Eczema, a skin disease marked with skin irritations, itchiness and rashes, has several types, the most common of which is sometimes called atopic dermatitis.
Most therapies for atopic dermatitis eczema are more of disease management since it has no specific cure.
These therapies, even if recommended by dermatologists, are mostly to reduce flare-ups of the disease. However, they do help cut down the need for more medication and help improve response to treatment.
Unfortunately, doctors find that patients and caregivers do not necessarily follow the guidelines given. Often, the reasons given were mostly misconceptions about skin care and on eczema itself.
The following are some of the prevailing myths about the disease and the real score about them.
Minimize bathing (myth)
People always associate bathing with drying of the skin. Therefore, common sense tells them to keep the activity to a minimum.
Dermatologists tell us that people with atopic dermatitis have excessively dry skin. Hydrating the skin would need taking short daily baths in warm (not hot) water, using mild or non-irritating soap.
This daily bathing hydrates the skin, which can reduce flare-ups. For severe cases, patients should even take 3 short baths daily. After some initial discomforts (open skin sores are painful when touched by water), patients tend to get relief.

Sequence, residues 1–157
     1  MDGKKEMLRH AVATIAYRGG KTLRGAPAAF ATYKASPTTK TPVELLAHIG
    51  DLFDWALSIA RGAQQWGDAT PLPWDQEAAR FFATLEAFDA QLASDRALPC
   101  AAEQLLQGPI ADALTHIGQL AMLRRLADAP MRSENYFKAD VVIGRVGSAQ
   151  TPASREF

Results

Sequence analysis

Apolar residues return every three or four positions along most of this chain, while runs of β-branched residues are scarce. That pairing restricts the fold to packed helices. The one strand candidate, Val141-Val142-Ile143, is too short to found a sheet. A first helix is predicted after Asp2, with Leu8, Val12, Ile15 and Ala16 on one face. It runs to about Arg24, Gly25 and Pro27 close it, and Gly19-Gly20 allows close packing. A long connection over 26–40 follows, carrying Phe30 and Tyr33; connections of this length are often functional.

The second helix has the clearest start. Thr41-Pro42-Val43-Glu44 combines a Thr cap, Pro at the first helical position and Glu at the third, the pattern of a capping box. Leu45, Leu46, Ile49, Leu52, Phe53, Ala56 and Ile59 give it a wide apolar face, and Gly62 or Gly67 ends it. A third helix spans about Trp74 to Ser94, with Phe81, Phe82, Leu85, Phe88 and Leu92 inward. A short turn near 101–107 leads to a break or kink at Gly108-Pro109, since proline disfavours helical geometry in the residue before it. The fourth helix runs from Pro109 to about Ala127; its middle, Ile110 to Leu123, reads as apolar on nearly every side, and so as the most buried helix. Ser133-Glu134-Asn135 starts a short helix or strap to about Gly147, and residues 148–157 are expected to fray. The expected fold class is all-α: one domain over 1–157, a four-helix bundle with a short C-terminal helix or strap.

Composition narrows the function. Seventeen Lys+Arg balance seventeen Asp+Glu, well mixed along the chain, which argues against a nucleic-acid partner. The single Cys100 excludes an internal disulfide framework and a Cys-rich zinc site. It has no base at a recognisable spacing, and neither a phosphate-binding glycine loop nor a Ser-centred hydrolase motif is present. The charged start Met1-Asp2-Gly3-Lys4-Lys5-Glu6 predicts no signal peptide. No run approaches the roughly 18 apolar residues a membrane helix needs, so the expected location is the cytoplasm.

Moisturizers give moisture to the skin (myth)
Many people believed that moisturizers add moisture to the skin and can be applied at any convenient time.
Dermatologists advise eczema sufferers to apply moisturizers within 3 minutes right after bathing to lock in the moisture in the skin. The patients are also advised to continue applying moisturizers throughout the day in dry areas of the body.
For the record, moisturizers do not add moisture to the skin. They actually seal in the bath water and preventing its evaporation, the reason why it is effective when applied within 3 minutes after bathing.
Presently, there are now new creams available called barrier repair moisturizers. Generally, they are to be applied twice daily to flare-prone skin and can be used along with traditional moisturizers.
They do not only reduce water loss, they also help rebuild the skin. Patients report that they also help calm the burning and the itching.
Avoiding allergens prevents flare-ups (myth)
Patients complain that if they can identify their allergens, their miseries with eczema would vanish. The rule of thumb would be to simply avoid it.
Dermatologists, however, declare that avoiding the allergens (substances that makes patients allergic) cannot exactly control atopic dermatitis. The real chance is to manage the disease with a multi-faceted approach.
This would include proper skin care, correct usage of medication, and avoiding the allergens. A trigger that irritates the skin need not be the allergen itself.
Detergents, smoke, soaps, skin care products with alcohol, rough-textured clothing are just some atopic dermatitis flare-up triggers. They vary from one person to another. What is important is to know the trigger material.
Doctors stress that skin care is one good starting point in managing atopic dermatitis eczema. With guidelines from a dermatologist, a patient can discover the possible relief of his malady with confidence and less stress.